Authentic voices. Remarkable stories. AOL On Originals showcase the passions that make the world a more interesting place.
James Franco loves movies. He loves watching them, acting in them, directing them, and even writing them. And now, he’s going to take some of his favorite movie scenes from the most famous films of all time, and re-imagine them in ways that only James can.
Go behind the scenes with some of the biggest digital celebrities to see what life is like when the blogging and tweeting stops.
The story of punk rock singer Laura Jane Grace of Against Me! who came out as a woman in 2012, and other members of the trans community whose experiences are woefully underrepresented and misunderstood in the media.
Documentary shorts conceived of and directed by famous actors. Jeff Garlin, Katie Holmes, Alia Shawkat, Judy Greer, and James Purefoy
Park Bench is a new kind of "talking show" straight from the mind of born and bred New Yorker and host, Steve Buscemi.
Digital influencer Justine Ezarik (iJustine) is back. After covering the world of wearable tech last season, iJustine is expanding her coverage this year by profiling the hottest tech trends across the country.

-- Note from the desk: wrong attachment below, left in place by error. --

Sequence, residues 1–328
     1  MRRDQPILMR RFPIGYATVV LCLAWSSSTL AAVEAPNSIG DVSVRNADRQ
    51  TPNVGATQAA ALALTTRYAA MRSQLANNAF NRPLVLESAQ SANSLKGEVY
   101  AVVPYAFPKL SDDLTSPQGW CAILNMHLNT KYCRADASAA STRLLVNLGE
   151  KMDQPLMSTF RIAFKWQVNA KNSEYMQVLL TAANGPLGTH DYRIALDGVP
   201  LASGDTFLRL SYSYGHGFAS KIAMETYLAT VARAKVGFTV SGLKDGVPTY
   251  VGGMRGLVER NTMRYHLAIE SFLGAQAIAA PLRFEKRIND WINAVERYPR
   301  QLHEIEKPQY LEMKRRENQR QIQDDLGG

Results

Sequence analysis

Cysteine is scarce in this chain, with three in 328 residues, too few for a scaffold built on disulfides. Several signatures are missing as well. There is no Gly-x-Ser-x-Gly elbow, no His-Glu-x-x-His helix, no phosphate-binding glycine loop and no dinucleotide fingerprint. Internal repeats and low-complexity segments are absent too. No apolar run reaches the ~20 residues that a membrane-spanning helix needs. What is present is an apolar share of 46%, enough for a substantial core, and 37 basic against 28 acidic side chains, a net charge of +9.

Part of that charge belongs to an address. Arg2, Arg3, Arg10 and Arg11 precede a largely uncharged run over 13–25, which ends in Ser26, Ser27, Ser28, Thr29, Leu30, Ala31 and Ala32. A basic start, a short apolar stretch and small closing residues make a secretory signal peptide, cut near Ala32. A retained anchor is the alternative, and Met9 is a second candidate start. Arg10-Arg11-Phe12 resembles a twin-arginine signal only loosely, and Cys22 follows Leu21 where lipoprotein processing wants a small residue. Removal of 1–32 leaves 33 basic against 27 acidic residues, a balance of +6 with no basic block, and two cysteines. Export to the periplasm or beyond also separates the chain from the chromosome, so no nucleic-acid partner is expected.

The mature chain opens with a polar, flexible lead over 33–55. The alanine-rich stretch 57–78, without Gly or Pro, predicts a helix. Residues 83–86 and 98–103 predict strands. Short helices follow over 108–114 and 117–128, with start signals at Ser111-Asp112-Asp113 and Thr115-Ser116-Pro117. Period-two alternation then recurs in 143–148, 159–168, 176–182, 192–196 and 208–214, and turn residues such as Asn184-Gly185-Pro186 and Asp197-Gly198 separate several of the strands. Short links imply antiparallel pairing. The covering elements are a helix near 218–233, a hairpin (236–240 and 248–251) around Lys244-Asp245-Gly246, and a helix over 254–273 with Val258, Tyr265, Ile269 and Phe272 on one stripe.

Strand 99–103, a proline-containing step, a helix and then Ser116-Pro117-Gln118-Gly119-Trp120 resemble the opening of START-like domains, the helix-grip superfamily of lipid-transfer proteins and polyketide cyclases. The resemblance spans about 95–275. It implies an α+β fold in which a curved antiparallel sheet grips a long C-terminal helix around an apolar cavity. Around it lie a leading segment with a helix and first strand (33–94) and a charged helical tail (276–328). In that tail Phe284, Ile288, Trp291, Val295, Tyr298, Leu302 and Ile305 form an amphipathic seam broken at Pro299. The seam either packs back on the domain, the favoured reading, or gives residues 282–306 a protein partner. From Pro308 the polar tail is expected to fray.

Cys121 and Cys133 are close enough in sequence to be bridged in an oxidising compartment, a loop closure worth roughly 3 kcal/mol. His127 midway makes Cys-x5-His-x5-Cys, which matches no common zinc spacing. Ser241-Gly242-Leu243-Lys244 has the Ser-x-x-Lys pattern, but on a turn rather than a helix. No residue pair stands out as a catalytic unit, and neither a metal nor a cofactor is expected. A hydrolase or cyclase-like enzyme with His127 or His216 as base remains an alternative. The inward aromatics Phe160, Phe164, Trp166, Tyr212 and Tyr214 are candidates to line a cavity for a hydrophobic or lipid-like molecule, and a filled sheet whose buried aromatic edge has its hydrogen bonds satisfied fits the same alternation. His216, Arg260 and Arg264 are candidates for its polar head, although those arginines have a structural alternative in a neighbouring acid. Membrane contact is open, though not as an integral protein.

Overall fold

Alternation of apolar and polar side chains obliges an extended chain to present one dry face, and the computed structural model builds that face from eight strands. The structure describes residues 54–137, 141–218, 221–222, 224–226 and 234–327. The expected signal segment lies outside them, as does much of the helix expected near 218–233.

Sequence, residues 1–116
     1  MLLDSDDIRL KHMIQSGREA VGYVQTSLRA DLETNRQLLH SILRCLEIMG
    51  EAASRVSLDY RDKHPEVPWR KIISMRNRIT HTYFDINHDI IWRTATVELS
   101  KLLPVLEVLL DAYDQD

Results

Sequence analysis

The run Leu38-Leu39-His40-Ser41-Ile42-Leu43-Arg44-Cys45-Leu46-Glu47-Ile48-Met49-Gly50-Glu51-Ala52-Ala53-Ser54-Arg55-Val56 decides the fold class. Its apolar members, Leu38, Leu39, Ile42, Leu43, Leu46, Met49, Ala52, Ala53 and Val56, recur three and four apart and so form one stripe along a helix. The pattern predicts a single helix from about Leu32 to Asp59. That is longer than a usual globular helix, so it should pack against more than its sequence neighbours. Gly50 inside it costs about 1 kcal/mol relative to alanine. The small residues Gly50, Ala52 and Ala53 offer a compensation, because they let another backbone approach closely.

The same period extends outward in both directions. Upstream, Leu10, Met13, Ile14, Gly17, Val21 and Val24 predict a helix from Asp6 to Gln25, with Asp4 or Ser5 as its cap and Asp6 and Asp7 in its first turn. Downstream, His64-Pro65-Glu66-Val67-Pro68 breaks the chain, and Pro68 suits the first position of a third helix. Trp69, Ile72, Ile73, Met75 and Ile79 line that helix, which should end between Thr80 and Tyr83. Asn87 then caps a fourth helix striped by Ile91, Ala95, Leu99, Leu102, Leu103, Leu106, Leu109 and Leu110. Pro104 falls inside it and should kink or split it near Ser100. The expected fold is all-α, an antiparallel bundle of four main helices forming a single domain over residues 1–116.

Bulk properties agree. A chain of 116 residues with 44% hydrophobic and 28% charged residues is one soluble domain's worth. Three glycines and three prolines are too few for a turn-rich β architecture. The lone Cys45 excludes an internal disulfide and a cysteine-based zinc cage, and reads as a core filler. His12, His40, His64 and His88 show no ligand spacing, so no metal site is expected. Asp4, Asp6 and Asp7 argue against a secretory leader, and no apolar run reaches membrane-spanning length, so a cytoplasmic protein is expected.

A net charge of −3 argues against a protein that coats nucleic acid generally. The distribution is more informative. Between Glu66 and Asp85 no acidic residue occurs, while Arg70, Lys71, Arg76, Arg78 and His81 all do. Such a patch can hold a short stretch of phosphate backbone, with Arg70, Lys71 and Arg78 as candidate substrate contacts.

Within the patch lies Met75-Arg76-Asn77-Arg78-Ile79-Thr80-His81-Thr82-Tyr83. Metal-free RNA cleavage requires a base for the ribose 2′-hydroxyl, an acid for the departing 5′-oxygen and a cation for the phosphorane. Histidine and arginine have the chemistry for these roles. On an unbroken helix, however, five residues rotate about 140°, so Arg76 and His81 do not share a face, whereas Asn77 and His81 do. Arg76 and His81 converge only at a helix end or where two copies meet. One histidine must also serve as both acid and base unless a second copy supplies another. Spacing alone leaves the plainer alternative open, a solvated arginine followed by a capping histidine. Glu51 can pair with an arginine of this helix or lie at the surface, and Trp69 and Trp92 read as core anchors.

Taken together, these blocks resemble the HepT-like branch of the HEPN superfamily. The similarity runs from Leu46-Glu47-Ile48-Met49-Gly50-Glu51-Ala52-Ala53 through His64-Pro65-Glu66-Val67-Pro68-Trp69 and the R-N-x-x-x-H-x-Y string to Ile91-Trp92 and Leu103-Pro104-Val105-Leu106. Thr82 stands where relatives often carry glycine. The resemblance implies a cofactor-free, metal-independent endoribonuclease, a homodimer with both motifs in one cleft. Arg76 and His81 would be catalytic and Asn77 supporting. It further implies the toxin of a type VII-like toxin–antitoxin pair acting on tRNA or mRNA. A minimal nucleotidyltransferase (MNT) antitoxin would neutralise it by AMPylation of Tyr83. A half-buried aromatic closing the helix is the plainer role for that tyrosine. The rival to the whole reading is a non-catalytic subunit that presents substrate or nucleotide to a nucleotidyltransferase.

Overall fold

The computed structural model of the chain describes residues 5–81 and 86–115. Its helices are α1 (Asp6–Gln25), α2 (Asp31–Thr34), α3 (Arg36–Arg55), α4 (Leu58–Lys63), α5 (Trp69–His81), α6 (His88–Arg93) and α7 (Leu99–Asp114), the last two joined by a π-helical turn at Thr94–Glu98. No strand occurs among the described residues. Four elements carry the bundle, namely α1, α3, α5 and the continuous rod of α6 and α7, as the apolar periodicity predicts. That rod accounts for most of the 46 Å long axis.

A 12 episode documentary series following 5 startup companies competing in the 2013 San Francisco TechCrunch Disrupt Startup Battlefield as they fine tune their products and eventually present in front of a panel of judges in hopes of winning $50,000 in funding.
Enter the graceful but competitive world of ballet through the eyes of executive producer, Sarah Jessica Parker. This behind-the-scenes docudrama reveals what it takes to perform on the ultimate stage, the New York City Ballet. Catch NYCB on stage at Lincoln Center.
Nicole Richie brings her unfiltered sense of humor and unique perspective to life in a new series based on her irreverent twitter feed. The show follows the outspoken celebrity as she shares her perspective on style, parenting, relationships and her journey to adulthood.
Explore what it means to be human as we rush head first into the future through the eyes, creativity, and mind of Tiffany Shlain, acclaimed filmmaker and speaker, founder of The Webby Awards, mother, constant pusher of boundaries and one of Newsweek’s “women shaping the 21st Century.”
Gwyneth Paltrow and Tracy Anderson spend time with women who've overcome hardship, injury, and setbacks to triumph in the face of adversity.
Hank Azaria’s touching, humorous, and often enlightening journey from a man who is not even sure he wants to have kids, to a father going through the joys, trials and tribulations of being a dad.